Recently I was looking to obtain a couple specific DNS record ID’s for domains with DNS hosted in the RackSpace Cloud so I could use the information to interact with RackSpace Instances through RightScale. Various RightScale ServerTemplates such as the MySQL Cluster ServerTemplates require you to enter the exact DNS record ID as RightScale Inputs for the ServerTemplate. I am not sure why the record ID’s are not listed in a column in the RackSpace Cloud DNS management interface but regardless the below method of querying the RackSpace API make it fairly easy to obtain them regardless.
The default logins are noted in the pfSense documentation as well as numerous locations on the pfSense website however I am noting here for our own benefit. We try to remember so many default logins that we sometimes forget the easiest ones including the fact that pfSense uses a different username as default for SSH and for the pfSense admin GUI. So to make it easiest to find I have noted them below.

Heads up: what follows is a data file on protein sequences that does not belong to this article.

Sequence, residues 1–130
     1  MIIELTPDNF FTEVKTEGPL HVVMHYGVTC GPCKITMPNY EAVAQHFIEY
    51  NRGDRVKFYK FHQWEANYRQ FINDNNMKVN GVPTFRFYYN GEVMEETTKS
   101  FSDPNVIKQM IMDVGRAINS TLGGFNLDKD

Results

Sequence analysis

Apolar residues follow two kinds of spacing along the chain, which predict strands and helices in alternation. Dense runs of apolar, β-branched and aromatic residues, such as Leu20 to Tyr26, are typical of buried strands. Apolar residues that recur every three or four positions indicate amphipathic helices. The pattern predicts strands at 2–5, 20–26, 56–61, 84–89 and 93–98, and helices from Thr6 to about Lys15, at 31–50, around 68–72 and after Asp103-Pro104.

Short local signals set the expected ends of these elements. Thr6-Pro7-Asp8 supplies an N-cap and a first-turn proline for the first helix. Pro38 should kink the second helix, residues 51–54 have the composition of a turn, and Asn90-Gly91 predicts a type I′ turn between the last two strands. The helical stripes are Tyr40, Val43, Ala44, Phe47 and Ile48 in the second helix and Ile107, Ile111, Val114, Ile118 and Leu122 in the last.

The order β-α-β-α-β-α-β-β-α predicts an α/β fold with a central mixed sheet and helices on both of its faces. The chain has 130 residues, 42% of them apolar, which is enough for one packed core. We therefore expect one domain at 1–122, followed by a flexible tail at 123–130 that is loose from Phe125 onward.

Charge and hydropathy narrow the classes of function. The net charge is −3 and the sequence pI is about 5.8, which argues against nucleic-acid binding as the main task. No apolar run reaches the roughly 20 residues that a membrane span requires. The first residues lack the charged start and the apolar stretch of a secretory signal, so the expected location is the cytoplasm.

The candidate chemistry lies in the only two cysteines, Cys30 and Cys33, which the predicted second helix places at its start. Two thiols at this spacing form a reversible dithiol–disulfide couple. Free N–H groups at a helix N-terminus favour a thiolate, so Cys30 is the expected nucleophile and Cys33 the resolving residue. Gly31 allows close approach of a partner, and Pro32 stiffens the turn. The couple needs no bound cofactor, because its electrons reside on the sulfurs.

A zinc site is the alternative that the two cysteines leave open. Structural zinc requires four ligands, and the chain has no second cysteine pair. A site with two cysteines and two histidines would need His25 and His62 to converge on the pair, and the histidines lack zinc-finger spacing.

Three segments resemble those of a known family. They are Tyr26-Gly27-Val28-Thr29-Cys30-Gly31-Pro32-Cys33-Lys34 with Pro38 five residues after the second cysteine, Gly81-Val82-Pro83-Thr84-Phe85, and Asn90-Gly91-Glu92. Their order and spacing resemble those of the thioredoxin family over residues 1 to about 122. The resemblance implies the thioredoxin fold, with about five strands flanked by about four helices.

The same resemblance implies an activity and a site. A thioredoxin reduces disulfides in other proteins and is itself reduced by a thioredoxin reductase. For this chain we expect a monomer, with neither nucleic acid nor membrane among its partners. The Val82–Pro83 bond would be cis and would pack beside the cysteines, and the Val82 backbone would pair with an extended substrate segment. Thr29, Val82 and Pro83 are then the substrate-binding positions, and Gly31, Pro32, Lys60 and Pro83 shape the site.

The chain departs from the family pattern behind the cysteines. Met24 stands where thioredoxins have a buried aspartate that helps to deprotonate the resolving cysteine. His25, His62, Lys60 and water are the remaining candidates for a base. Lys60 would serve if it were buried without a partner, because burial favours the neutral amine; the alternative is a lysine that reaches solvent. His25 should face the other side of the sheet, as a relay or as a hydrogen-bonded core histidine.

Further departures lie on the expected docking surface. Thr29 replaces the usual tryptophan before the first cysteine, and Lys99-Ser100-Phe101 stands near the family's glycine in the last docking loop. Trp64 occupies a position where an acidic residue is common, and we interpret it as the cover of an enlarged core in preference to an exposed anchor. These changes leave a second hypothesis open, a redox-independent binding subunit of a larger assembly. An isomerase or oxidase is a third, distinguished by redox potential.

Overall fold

If you have ClientExec installed in a sub-directory say /clientexec and want to require HTTPS only for ClientExec the easiest way to accomplish this is by putting a .htaccess file inside of the sub directory itself. There are numerous solutions to this posted as CE Knowledge Base Articles and within the CE forums but many of them did not work for me so I wanted to post the solution that worked on setup using CentOS as the operating system and using Apache/PHP/MySQL on that platform.
I am a big fan of ClientExec as it is easy to install and very easy to use. Over the years it has always been easy to upgrade and the support is prompt. If you want to add Google Analytics to your ClientExec installation you simply need to add it in two locations if you are using the default template and if you are using a custom ClientExec template then you need to add it in one more location.